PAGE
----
Monday, February 7, 2011

Vintage Novels {Goodbye to Berlin}


I have read Goodbye to Berlin several times and each time that I read it, I'm always struck by the profound sense of sadness that permeates Isherwood's narrative. Amid his tales of the Nowaks, Landauers, Sally Bowles and the eccentric tenants of his landlady's house and his observations of gay night clubs and Communist meetings is the overwhelming sense of Weimar Berliners being lost in the present and being unable to bare the thought of what the future holds. Throughout the book, Isherwood the narrator hints that the future of Berlin will be dark and will suddenly change overnight (which it did in 1933 and this was published in 1939). But throughout his interactions with the characters, one can see that Berliners chose to ignore the inevitable future of the terms of the Treaty of Versailles holding out for only so long under an unstable government and instead turned towards living in an excessive, voluptuous panic of a sin city in the present. Even the characters who saw the danger posed by that failed hack artist in Munich chose to ignore what would come because Berliners were more concerned with doing whatever was necessary in order to eat and pay this week's rent. Isherwood is a keen observer and recorder of the general feeling and atmosphere of post-war Berlin, but he is an even better recorder of the wide spectrum of the city's populous during a time which will never and could never be repeated.
Out of all the characters that Isherwood encounters, the most famous and the most interesting is Sally Bowles. She is the embodiment of the Lost Generation. The female version of Jay Gatsby, if you will. And yes, Liza's performance in Cabaret is accurate in terms of capturing her personality for all of her faults. What makes Sally so fascinating is that she's living for today, in her velvet shoes and green nails, but she is always so sad since she had no concern for the future. I suppose that's what makes Sally so interesting to read and to meet a Sally in real life; she is fun to be around and you never know what she might think of next, but you can't stay around her forever since she keeps repeating her mistakes.
From the heights of the wealthy merchants to the debts of the working class families, and the artists and performers in between, Isherwood travelled seamlessly through them all as the young Englishman abroad and faithfully (more or less) tells of the characters that he met during his years working and living in Berlin. What he left us was a highly readable primary source of what it was like to live in Berlin in the days before it changed and with it, the world was changed.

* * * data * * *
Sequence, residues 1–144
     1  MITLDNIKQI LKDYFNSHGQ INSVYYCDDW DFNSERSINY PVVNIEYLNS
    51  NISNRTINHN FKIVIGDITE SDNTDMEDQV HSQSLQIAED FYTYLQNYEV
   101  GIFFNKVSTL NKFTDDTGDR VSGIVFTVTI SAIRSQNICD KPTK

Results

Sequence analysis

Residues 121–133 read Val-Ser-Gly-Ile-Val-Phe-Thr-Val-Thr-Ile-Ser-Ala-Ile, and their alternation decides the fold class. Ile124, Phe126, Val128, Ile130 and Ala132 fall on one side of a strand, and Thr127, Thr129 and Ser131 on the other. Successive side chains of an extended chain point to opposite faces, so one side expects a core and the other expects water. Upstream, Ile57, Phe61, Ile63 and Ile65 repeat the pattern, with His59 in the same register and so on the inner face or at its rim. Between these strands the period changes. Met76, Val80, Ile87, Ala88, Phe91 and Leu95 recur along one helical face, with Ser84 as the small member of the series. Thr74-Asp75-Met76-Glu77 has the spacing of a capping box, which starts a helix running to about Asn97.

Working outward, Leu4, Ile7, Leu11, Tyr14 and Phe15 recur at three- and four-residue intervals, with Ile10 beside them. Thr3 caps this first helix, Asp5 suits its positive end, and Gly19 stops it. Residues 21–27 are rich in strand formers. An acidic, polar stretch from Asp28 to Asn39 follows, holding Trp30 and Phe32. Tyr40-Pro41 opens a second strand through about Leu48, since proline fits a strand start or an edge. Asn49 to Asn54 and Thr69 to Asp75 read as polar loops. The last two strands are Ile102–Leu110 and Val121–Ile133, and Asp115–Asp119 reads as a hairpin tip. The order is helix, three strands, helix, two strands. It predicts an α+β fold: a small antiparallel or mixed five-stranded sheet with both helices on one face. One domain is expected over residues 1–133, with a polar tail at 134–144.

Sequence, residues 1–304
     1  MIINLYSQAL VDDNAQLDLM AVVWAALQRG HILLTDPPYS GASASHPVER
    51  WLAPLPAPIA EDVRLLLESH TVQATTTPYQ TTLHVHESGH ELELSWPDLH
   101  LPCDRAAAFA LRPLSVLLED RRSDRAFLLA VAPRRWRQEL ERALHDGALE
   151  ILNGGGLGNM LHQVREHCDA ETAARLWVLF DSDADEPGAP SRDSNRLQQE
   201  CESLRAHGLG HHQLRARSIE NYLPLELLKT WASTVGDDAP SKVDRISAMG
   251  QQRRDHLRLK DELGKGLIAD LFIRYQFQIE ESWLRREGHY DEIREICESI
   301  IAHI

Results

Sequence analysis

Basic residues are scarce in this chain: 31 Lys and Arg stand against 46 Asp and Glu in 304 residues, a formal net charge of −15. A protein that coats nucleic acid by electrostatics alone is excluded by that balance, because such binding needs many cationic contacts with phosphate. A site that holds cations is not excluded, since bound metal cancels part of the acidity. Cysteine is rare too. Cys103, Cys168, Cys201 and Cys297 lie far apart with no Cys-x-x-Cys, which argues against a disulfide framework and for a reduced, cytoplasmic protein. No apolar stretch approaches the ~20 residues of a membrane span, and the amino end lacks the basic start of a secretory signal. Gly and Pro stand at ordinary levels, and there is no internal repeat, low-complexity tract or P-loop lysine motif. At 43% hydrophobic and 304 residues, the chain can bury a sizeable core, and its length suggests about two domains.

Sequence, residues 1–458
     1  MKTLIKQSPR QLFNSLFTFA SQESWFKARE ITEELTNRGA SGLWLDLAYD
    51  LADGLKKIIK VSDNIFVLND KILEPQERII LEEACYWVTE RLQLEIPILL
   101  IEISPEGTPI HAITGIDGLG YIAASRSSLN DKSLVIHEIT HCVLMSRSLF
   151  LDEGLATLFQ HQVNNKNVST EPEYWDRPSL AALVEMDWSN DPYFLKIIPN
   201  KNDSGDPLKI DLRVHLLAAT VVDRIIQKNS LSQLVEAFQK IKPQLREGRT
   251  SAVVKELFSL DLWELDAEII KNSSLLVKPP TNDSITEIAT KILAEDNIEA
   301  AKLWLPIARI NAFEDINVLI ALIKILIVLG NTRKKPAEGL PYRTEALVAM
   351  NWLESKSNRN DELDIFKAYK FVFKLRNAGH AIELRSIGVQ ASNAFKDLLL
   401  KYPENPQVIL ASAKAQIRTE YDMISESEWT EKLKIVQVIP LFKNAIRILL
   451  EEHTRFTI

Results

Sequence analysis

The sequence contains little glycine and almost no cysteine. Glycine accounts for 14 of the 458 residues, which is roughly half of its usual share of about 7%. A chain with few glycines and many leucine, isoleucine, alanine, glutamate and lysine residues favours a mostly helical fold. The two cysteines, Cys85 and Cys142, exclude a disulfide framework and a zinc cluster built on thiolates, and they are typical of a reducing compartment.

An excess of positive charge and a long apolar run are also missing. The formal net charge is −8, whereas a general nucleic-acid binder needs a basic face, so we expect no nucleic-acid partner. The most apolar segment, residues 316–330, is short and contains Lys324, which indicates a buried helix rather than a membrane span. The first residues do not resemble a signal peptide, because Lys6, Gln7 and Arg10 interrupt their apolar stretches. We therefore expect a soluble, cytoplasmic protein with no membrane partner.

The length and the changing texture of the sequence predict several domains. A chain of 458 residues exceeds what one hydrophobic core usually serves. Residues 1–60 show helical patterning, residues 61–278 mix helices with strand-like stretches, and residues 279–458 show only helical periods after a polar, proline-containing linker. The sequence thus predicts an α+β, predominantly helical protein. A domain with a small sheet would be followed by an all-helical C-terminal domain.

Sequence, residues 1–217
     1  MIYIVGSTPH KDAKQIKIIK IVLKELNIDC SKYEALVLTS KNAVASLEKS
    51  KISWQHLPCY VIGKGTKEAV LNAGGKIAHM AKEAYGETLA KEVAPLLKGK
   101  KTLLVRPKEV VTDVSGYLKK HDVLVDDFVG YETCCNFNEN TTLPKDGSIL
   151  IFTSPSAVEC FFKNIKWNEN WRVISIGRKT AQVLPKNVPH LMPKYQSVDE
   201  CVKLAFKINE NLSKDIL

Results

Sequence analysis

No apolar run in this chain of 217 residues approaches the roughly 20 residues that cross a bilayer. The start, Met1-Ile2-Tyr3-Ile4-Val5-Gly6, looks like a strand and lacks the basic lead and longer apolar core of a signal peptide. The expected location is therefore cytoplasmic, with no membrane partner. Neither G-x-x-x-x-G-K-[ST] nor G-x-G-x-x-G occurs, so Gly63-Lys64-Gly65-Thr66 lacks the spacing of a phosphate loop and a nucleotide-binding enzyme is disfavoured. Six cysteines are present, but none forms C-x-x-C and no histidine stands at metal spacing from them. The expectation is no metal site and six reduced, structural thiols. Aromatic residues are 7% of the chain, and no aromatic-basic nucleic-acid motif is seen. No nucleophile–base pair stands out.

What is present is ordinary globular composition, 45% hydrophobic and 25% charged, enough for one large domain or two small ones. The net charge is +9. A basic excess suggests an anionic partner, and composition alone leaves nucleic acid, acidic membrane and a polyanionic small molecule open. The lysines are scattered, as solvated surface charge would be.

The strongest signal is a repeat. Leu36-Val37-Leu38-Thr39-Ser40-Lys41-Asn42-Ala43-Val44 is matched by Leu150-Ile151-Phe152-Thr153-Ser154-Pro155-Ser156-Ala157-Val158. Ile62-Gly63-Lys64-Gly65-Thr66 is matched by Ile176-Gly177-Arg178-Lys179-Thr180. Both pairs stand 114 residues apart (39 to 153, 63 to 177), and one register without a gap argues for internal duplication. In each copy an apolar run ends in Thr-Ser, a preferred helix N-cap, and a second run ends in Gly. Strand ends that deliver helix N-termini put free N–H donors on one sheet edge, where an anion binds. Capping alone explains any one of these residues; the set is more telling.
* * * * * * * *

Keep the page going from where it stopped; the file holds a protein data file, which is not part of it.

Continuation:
At times, the narrative is funny, shocking and we wish to know more about what happened to the characters. But through it all is there is the sense of sadness that seeps through the characters words as we read it knowing that this lively city cannot last and we know what will happen all too soon. But it still remains one of the most important books that anyone who wishes to fully understand the twentieth century must read.

Goodbye to Berlin was adapted twice, first as a Code movie I Am A Camera (which I haven't seen but heard that it was terrible) and second as Cabaret, which is a great adaptation and faithfully recreated the flavour of Berlin as best as they good and Liza actually did wear vintage clothing in the film, which she picked out herself.
There was also a fascinating three part documentary series that the CBC did a couple of years ago on inter-war Paris, Shanghai and Berlin called Legendary Sin Cities, which you can "download" or you can buy it from Mr. Amazon

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